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Tablet hardware has outpaced both software capabilities and usefulness

With laptop-grade software and mobile-grade hardware, tablets seem to have evolved in the wrong direction.

There are a lot of people who really love to use a tablet. You might not be one of them — I'll admit I'm not really a tablet guy — or you may turn to your tablet first when it comes to work or play and always want to have one of the best Android tablets you can buy on hand. Tablets have traditionally had a pretty clear purpose; filling the void between using the small and less powerful phone and the bulkier and more powerful laptop. But today, those lines are blurred more than ever before.

Putting a laptop chip in a mobile device doesn't make things better by default.

All it takes is one look at Apple's Spring Loaded event, which featured the big changes to the iPad Pro to see this in action. While these issues affect every premium tablet to some extent, the new iPad Pro is a clear example of the hardware being hamstrung by the software capabilities — or lack thereof. With the same powerful M1 chip featured in the MacBook and now the iMac, but still chained to a mobile operating system, the iPad Pro exists in a market that doesn't make a lot of sense. The "regular" iPad does everything more than well enough for a lot less money, and the MacBook Air actually offers the same specs.

This doesn't just apply to the iPad, though the new Pro does shine a spotlight on the problem. Samsung makes two different flavors of a tablet, too. Premium models like the Galaxy Tab S7 Plus are filled with the latest powerful Qualcomm chip and oodles of storage and memory, while the much cheaper A series or the "Lite" versions have more modest specs and price tags. Ask someone who has used both, though, and they're likely to tell you that the cheaper model is just fine.

It's something that has been brewing for a while, especially on the Android side of things. Most everyone will agree that Apple's tablets are more capable than an Android equivalent simply because there are more apps tailored to take advantage of what a tablet can offer when it comes to screen real-estate. Samsung is at the mercy of Google here.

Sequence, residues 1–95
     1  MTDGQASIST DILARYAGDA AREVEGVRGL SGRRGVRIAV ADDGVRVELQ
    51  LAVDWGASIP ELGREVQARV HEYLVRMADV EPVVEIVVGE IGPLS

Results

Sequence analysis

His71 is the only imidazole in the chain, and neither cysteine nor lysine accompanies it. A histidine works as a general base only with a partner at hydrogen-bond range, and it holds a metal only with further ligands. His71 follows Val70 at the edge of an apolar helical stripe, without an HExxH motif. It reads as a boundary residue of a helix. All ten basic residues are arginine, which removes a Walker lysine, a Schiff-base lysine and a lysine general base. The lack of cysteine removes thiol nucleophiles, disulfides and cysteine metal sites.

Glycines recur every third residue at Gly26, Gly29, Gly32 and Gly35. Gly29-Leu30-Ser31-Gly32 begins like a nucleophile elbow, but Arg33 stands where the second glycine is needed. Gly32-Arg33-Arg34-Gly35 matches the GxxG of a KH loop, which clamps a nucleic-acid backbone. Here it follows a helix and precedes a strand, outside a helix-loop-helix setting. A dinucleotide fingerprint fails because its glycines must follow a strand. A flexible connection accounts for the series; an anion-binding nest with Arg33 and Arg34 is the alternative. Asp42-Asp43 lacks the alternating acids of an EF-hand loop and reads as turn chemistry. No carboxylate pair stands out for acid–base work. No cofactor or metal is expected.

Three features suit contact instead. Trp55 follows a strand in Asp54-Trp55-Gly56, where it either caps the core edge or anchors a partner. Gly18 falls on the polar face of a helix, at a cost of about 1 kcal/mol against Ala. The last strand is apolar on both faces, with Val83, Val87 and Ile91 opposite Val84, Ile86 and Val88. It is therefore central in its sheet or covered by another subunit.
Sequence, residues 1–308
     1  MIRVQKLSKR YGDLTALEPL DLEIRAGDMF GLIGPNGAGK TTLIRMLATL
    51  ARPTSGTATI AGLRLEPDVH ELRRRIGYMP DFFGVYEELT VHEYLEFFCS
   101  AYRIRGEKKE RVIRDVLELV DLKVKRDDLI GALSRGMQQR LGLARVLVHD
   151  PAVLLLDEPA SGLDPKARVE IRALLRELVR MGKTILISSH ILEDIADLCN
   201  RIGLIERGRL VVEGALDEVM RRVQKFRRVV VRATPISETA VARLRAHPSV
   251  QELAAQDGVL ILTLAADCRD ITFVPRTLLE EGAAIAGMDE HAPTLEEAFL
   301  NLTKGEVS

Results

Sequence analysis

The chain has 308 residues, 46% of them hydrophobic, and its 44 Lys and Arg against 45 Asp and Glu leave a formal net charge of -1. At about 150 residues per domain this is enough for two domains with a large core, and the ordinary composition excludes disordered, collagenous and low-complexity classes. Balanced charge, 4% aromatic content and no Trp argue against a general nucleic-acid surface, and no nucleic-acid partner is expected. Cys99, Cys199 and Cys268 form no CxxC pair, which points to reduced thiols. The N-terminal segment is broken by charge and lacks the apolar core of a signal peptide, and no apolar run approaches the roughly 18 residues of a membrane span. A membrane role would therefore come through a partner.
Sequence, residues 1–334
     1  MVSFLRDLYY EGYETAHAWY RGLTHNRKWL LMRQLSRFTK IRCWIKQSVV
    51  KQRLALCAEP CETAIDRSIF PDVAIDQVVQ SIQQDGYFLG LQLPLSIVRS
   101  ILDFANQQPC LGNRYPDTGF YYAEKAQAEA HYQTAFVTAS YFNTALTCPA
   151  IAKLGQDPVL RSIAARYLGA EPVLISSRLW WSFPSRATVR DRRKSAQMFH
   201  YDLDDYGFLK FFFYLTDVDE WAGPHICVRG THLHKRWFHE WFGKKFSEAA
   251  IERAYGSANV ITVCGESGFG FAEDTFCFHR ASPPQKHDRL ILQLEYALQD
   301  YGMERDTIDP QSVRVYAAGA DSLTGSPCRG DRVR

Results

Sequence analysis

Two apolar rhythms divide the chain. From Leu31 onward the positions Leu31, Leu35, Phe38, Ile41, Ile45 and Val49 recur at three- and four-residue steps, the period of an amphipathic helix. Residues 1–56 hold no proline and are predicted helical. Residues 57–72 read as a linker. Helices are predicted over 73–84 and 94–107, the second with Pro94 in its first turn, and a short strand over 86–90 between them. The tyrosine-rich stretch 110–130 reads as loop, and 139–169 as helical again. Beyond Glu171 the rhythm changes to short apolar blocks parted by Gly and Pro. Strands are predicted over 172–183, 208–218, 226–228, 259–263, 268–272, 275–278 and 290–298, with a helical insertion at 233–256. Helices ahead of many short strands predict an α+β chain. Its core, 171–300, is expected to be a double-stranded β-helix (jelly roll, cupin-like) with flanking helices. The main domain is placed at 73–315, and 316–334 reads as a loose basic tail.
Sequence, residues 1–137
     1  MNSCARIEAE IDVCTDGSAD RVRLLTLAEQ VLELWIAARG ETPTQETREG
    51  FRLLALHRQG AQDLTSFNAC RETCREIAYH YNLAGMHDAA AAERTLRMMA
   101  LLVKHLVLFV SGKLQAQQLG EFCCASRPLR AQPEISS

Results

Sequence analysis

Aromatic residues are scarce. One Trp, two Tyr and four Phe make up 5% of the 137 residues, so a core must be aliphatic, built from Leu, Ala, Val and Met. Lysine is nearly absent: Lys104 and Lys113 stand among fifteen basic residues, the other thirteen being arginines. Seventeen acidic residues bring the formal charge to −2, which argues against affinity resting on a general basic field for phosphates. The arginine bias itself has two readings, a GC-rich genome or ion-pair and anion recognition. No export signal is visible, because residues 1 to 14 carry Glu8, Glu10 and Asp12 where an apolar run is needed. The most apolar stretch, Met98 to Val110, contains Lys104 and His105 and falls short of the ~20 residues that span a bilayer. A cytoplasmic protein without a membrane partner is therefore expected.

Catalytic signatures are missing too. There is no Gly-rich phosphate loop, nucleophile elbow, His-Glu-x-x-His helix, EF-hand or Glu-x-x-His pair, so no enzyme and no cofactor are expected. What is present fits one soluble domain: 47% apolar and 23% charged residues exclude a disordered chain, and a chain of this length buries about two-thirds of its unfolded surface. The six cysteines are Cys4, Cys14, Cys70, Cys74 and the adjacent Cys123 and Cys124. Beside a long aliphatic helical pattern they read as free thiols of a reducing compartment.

Google doesn't seem to care about tablets as much as Samsung does and that's a problem.

An app doesn't have to offer more features on a tablet — though that's always a bonus — but it does need to utilize the form factor. Apple makes sure apps do this and developers that want their apps to be installed on an iPad follow the rules. This is an area where Android tablets have always lagged behind, and there is only one place to lay the blame: Google's lack of attention to the tablet form factor. And that's not getting any better anytime soon, even with Android 12 on the horizon.

But once you put hardware that's capable of more than running the web browser, using Google Docs, or even playing a mobile game inside of a tablet you've reached the point of zero return. Even though your Galaxy Tab S and your phone may share the same chip, bigger batteries and better thermal management make the identical hardware much more capable, and we see that in products like Microsoft's Surface line, Apple's MacBook Air, and Chromebooks.

The whole situation is a vicious circle of companies competing against each other and being forced to follow the path they created by telling consumers that we need the best hardware. Straight up — you don't need a laptop-grade SoC inside your tablet unless it can run laptop-grade software and has a laptop-grade operating system. Great displays and plenty of memory are worthy additions, but when paired with a very expensive chip it does little more than drive up prices.

This circle where Apple and Samsung keep making high-end hardware without the software to power it will continue.

It will continue. Apple decided that in order to earn its Pro nameplate, the new iPad Pro had to have the same chip you find inside a new MacBook. Samsung has to put the best chip Qualcomm has to offer that works with Android inside its Tab S Plus line for the same reason — to justify the price.

This may work out for Apple and Samsung, as neither company would be offering a product that loses money. But it's not great for us as consumers because the value isn't there. Yes, the new iPad Pro will run 1Password or Slack or mobile games XX% faster than the previous model, and the next Galaxy Tab S Plus will boast the same, but did we really need or will we even notice the performance gains? I doubt it.

There is no easy way to fix this. Maybe Apple will marry iOS and macOS one day and that would make the iPad Pro more worthy of its price. Samsung could work with Microsoft and put Windows 10 on the Tab S Plus to achieve the same results. What-ifs aside, maybe you should think twice before you drop the big money on one of these premium, overpriced, and over-specced tablets.



Source: androidcentral

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